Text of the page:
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Hi xiangjun,
I have obtained helical parameters for damaged DNA from trajectory by using 3DNA, there are three mismatched T:T pairs and a bend in the DNA. However when I calculated the averages have got large deviations in the damaged regions. Would you please check my plot and suggest me whether these kind of deviations are allowed or not. Where shall we find the basic definitions of all these parameters ?
Thanks in Advance.
Kartheek Joshua .

Hi Kartheek,
Thanks for your followup questions on the analysis of DNA structures with nonWC base pairs. For the definition of 3DNA basepair parameters, please see:
 A standard reference frame for the description of nucleic acid basepair geometry (http://ndbserver.rutgers.edu/ndbmodule/archives/reports/tsukuba/tsukuba.pdf)
 3DNA: a software package for the analysis, rebuilding and visualization of three‐dimensional nucleic acid structures (http://nar.oxfordjournals.org/content/31/17/5108.full)
The standard base reference frame is based on an idealized WatsonCrick base pair. There are numerous nonWC pairs, each diverting from the WC pairs in a unique way that can be rigorously characterized by the six basepair parameters (see the 3DNA 2003 NAR paper). However, the basepair frame derived from nonWC pairs can have a big impact on the step parameters, often leading unintuitive numerical values, as in your case. That's where the new set of 'simple' basepair and step parameters in 3DNA 2.3 comes in. See my blog post "Details on the simple basepair parameters (http://x3dna.org/highlights/detailsonthesimplebasepairparameters)" and links therein.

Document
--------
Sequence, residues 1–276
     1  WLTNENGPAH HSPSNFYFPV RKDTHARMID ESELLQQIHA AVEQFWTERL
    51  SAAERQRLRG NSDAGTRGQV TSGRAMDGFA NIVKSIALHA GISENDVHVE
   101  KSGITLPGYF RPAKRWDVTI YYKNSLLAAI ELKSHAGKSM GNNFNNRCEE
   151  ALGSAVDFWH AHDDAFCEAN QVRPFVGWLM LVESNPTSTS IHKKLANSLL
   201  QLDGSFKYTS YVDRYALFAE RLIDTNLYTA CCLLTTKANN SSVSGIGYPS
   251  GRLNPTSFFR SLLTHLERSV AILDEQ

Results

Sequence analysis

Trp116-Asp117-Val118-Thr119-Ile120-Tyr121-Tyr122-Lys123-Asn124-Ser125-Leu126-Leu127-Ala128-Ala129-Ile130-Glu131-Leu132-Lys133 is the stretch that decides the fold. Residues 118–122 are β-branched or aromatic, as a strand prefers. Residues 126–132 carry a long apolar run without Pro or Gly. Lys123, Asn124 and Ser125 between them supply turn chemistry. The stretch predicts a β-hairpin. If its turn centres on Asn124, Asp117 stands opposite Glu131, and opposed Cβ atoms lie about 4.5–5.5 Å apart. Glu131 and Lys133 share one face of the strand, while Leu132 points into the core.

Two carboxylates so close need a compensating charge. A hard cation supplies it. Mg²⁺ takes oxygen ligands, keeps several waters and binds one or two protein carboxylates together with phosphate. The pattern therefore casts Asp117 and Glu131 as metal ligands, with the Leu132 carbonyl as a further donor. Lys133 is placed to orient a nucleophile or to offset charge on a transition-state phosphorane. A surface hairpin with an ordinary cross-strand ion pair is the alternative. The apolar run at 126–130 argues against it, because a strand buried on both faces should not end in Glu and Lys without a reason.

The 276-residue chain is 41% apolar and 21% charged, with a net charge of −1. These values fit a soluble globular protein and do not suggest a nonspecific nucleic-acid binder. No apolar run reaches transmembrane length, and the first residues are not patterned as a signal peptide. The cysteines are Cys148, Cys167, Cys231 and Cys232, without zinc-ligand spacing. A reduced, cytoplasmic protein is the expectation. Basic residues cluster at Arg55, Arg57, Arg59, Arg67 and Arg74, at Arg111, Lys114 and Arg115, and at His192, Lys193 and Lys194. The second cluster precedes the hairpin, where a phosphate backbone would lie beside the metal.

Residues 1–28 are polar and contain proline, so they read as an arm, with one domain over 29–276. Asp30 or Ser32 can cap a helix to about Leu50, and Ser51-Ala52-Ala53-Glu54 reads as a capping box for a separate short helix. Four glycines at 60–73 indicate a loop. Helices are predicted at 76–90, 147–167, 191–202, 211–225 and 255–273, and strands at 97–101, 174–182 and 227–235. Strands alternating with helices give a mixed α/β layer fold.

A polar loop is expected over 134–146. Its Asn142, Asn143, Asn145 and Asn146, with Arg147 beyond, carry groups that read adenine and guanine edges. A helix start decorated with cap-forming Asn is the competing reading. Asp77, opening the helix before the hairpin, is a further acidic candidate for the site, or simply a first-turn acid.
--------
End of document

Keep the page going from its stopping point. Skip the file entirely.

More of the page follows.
With the 3DNA v2.3 distribution, there is a PDF doc "techdetails.pdf", which gives stepbystep worked examples on how the parameters are calculated. Since 3DNA v2.3 is now open source, you can dig into the bottom as to how all the parameters are defined. As with any tools, it is up to the user to decide how to make best use of them.
HTH,
XiangJun

Dear xiangjun,
Thanks for your reply, I have observed rise value ve for one particular base pair. As far as I know, rise is just distance between two adjacent base pairs, how can be this rise value be ve ??

A negative value of "rise" is unexpected in a intuitive sense, but it comes "naturally" in 3DNA based strictly on its definition of the six step parameters as described in the docs I referred to you previously. To verify, simply "rebuild" the structure using the derived parameters, and you should get virtually same structure as the original one as far as basepair geometry goes. You could further "analyze" the rebuilt structure, and you are guaranteed to get back essentially the same basepair parameters.
Also as I mentioned in my previous response, the new set of simple parameters are introduced to give parameters that are sensible. For one thing, the rise value should not be negative. The above statement is general. Please provide a concrete example to illustrate your case step by step. If you have difficulty in the process, I will try my best to help.
Did you know Curves+? Give it a try since it may better fit your needs.
Best regards,
XiangJun
Created and maintained by Dr. XiangJun Lu [律祥俊] (xiangjun@x3dna.org)
The Bussemaker Laboratory at the Department of Biological Sciences, Columbia University.